Nokia announced it will launch a dedicated security unit, which will be part of its mobile broadband organisation, on 1 June.
In a statement, the vendor said the unit would ensure new products have security “baked in”.
The supplier added that it wanted to develop operator business models around security and make it a “positive differentiator”.
“The new security unit will bring together security experts and talent from across the company – customer operations, global services and technology & innovation teams, for example – with the aim of tackling the full set of requirements for robust telco security,” said Marc Rouanne, EVP (mobile broadband).
“We will continue to encourage industry dialogue and knowledge sharing in terms of security research to improve awareness of this crucially important area of telco business, including with open source software. This will become critically important as mobile broadband networks are starting to evolve towards the cloud.”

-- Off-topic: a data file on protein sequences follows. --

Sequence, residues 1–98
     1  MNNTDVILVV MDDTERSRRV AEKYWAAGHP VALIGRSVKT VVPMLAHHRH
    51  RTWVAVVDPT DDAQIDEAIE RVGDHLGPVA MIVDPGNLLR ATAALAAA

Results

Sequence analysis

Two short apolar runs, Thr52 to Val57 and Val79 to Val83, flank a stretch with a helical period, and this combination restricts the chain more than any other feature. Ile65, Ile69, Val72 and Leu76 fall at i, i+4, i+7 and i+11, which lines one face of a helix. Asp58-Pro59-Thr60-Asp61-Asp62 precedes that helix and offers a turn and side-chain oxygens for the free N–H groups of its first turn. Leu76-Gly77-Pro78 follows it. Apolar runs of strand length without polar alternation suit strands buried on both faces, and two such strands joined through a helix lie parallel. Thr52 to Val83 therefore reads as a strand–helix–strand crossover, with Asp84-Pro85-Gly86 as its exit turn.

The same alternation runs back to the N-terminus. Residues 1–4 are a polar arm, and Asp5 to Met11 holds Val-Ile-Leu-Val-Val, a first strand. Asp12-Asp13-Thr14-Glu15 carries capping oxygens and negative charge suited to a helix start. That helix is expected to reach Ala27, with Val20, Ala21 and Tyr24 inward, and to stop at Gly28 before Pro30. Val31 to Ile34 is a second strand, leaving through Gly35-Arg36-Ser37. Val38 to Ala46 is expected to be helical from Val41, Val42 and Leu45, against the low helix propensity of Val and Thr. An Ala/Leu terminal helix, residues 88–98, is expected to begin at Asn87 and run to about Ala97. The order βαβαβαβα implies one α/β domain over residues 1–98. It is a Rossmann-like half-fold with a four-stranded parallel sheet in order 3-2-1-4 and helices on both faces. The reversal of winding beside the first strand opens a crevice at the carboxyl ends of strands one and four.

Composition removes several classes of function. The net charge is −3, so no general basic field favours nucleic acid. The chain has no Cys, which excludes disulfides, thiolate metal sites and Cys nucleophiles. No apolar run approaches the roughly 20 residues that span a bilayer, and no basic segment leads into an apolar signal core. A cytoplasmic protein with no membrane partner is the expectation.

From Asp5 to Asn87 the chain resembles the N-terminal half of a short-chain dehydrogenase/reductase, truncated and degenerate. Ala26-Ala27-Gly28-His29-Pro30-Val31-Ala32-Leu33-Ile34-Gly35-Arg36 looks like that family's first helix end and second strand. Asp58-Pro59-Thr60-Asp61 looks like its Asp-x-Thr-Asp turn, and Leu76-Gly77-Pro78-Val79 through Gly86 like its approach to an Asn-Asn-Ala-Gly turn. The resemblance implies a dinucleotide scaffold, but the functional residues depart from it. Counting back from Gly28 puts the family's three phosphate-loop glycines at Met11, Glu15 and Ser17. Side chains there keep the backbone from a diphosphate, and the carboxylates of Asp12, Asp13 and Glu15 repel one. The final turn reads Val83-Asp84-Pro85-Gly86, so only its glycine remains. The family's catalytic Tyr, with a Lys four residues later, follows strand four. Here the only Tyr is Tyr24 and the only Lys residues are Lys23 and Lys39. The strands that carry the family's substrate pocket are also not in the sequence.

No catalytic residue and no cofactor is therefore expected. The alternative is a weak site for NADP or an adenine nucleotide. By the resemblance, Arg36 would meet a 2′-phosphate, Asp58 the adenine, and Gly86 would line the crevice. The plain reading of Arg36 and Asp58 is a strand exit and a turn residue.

According to a recent Nokia study, 75 per cent of customers consider security to be the operator’s responsibility. A significant portion of mobile subscribers are likely to switch operator in case of security issues, the study found, and are willing to pay extra for reliable security protection.
Nokia also recently announced plans to launch a mobile broadband security centre in Berlin for knowledge-exchange with customers, business and research partners, and public authorities.
Alcatel Lucent, meanwhile, is in exclusive negotiations to sell its network security business to French defence manufacturer Thales. The French-US supplier has a target of hitting €1 billion in asset sales by end 2015.